The most interesting pieces I have seen thus far about Alex have been Robert Cass' Bootleg City article and Michael Baker's The Glory and Grandeur That Is Defeat: The Music of Alex Chilton, a fascinating 2004 study (in two parts) from the enjoyable Perfect Sound Forever online magazine. Baker is a highly opinionated, entertaining, wonderfully florid and very good writer, as well as one deeply knowledgeable music geek.

I'll simply close with both the painfully obvious understatement that Alex Chilton, still underrated after all these years (only in his earliest incarnation with The Box Tops was he ever a pop "flavor of the month"), left a highly original, often inspired legacy - and three great recordings of his. First, a cover version of an irresistible Byrds-Beatles style song by Scottish rockers (and frequent collaborators of Alex) Teenage Fanclub, then a caustic lil' number which ventures successfully into Jimi Hendrix "The Cry Of Love" territory. The third song is a well-known jazz standard and Nina Simone signature tune.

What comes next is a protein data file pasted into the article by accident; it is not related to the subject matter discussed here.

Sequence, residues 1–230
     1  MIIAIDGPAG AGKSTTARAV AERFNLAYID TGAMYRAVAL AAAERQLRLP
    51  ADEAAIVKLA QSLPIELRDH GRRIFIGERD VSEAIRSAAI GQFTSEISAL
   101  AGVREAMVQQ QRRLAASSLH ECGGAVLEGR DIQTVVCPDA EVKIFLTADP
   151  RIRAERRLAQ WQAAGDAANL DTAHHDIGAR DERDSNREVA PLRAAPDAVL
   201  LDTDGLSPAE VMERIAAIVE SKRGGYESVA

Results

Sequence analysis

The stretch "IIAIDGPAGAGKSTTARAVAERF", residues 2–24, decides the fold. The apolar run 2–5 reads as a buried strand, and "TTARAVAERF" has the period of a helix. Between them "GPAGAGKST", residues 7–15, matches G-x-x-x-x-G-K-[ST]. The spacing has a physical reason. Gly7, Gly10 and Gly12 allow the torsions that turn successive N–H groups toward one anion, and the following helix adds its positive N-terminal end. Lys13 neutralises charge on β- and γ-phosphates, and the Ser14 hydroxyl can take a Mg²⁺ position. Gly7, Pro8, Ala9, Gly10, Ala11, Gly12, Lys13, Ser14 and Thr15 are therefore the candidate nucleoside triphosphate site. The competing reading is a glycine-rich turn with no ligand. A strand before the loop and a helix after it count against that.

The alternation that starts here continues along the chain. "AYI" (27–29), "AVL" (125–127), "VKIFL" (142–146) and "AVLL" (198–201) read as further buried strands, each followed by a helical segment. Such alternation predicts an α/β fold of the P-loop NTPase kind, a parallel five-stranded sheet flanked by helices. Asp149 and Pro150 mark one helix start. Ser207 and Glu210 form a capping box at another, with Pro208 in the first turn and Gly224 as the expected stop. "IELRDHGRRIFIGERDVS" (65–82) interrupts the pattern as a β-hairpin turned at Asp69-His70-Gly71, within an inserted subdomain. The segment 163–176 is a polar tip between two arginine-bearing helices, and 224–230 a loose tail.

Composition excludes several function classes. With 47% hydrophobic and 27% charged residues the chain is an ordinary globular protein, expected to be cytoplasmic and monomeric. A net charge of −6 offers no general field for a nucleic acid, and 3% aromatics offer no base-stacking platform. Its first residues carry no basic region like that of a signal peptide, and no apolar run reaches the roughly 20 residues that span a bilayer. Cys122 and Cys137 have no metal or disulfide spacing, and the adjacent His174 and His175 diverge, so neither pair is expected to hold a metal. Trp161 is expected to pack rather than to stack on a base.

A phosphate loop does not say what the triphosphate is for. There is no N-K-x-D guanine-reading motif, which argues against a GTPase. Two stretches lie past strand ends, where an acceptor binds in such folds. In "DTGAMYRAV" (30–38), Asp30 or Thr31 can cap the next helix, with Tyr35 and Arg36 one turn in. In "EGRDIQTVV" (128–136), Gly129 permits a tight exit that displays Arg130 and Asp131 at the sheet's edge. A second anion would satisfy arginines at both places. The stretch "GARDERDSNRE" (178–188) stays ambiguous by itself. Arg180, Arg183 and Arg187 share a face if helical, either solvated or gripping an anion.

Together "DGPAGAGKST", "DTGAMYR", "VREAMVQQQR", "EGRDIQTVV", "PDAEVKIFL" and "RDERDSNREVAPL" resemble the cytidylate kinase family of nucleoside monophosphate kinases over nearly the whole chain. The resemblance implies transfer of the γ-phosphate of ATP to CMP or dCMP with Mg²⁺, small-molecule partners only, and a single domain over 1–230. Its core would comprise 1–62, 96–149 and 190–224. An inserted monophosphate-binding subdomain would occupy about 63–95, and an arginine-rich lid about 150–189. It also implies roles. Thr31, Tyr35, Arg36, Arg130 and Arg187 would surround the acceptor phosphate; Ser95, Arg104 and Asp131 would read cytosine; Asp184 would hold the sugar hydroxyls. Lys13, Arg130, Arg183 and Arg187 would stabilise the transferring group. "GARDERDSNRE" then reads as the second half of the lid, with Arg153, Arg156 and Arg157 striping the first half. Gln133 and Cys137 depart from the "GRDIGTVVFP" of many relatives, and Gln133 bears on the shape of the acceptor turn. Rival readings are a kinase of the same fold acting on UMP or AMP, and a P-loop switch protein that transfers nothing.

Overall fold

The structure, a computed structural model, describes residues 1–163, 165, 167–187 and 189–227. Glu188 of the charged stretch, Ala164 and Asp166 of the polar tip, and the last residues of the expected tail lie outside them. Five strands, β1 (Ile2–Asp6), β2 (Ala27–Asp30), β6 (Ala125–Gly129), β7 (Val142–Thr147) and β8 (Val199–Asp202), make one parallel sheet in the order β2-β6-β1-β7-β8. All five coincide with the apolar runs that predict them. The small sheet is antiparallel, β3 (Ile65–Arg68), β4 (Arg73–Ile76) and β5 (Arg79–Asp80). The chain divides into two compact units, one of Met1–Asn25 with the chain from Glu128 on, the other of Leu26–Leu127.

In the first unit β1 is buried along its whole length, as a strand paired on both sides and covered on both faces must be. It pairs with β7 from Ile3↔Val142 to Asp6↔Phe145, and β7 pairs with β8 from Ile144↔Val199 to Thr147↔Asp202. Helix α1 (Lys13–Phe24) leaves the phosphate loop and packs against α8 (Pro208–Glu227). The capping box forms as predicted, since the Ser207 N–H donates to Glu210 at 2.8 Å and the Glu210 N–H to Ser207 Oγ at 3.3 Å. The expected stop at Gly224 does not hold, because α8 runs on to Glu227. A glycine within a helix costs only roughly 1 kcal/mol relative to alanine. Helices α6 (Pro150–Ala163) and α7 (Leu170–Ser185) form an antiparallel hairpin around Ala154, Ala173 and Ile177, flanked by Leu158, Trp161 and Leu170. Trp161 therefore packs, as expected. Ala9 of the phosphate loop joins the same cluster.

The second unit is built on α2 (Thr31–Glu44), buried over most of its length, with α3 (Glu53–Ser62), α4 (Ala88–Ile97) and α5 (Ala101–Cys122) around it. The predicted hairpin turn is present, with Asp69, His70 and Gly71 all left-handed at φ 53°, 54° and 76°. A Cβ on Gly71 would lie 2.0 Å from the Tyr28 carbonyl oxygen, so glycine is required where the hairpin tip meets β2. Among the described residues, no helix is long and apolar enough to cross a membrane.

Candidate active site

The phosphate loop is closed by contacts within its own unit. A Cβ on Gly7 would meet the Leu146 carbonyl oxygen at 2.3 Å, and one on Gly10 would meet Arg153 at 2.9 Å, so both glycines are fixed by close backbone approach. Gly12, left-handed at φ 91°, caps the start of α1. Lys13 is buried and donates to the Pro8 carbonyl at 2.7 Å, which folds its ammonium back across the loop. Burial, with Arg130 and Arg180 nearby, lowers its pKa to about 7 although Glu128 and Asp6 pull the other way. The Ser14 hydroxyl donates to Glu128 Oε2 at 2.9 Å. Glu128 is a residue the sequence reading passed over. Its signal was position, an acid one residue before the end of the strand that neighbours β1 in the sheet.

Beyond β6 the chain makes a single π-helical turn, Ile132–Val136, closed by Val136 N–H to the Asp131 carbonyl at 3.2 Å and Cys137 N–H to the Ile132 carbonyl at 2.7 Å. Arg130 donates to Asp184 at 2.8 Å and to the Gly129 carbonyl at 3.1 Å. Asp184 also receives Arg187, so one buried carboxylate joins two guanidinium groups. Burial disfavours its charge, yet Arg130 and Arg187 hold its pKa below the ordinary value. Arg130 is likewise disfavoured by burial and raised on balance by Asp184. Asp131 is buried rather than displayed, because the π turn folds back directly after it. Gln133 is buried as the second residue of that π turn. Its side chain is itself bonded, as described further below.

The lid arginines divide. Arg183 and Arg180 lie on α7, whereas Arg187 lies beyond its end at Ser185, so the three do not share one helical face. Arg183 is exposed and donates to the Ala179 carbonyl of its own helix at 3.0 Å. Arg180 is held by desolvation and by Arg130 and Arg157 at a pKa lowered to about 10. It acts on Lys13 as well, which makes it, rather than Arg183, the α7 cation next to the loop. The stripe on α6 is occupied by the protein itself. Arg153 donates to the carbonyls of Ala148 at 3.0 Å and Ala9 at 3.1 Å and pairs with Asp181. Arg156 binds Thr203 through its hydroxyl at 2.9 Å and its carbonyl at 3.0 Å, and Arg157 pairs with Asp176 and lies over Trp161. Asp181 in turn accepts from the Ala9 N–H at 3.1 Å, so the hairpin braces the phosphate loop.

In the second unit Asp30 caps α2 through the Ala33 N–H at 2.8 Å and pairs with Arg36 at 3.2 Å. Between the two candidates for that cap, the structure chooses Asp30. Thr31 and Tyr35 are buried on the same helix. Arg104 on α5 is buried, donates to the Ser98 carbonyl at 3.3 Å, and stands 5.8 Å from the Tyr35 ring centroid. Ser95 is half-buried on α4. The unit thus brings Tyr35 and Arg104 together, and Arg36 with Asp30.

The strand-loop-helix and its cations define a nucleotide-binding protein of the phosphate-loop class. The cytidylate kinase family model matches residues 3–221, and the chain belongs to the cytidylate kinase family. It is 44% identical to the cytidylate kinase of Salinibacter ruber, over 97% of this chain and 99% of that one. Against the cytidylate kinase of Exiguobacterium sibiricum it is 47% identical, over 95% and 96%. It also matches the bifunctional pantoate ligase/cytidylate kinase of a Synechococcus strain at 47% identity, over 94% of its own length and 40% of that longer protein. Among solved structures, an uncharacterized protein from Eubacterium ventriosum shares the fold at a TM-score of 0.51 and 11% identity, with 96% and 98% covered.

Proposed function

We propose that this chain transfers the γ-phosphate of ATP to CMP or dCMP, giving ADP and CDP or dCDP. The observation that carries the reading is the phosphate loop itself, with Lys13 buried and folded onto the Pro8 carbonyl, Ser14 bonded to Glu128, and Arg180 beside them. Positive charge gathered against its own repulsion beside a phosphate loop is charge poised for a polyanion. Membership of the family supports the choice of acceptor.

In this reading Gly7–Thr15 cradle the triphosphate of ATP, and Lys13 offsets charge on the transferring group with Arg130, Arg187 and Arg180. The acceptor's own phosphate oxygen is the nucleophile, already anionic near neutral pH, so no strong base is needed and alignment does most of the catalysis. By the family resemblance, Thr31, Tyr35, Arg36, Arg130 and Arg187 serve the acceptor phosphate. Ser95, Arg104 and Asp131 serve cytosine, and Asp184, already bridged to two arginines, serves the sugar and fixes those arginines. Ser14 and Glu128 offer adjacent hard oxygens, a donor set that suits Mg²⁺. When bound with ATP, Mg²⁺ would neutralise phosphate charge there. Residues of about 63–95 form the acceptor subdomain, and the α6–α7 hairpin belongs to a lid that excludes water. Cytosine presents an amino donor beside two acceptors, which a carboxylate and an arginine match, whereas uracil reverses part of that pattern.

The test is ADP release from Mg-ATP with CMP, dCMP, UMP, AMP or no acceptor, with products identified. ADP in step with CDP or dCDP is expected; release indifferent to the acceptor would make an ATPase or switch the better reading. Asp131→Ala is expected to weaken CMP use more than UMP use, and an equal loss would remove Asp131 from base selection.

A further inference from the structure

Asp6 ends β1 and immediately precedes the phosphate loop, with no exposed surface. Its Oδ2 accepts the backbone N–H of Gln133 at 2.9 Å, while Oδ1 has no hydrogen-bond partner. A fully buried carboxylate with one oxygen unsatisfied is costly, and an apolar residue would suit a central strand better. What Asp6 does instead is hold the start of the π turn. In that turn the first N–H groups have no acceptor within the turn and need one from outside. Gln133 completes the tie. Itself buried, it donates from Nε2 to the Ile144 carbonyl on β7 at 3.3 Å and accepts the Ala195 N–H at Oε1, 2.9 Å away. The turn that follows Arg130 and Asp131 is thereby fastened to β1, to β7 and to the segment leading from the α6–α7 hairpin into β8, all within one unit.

R.I.P. Alex - you are much missed!


Anonymous said...

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paul etcheverry said...

Thanks for the kind words.

paul etcheverry said...

Just listened to the "Don't Lie To Me" clip again. I swear this song sounds like it was written specifically for Rod Stewart and The Faces (A.K.A. The Small Faces: Ron Wood, Ronnie Lane, Ian McLagen and Kenny Jones - with Rod in the place of diminutive, incendiary and bluesy "Humble Pie" frontman Steve Marriott).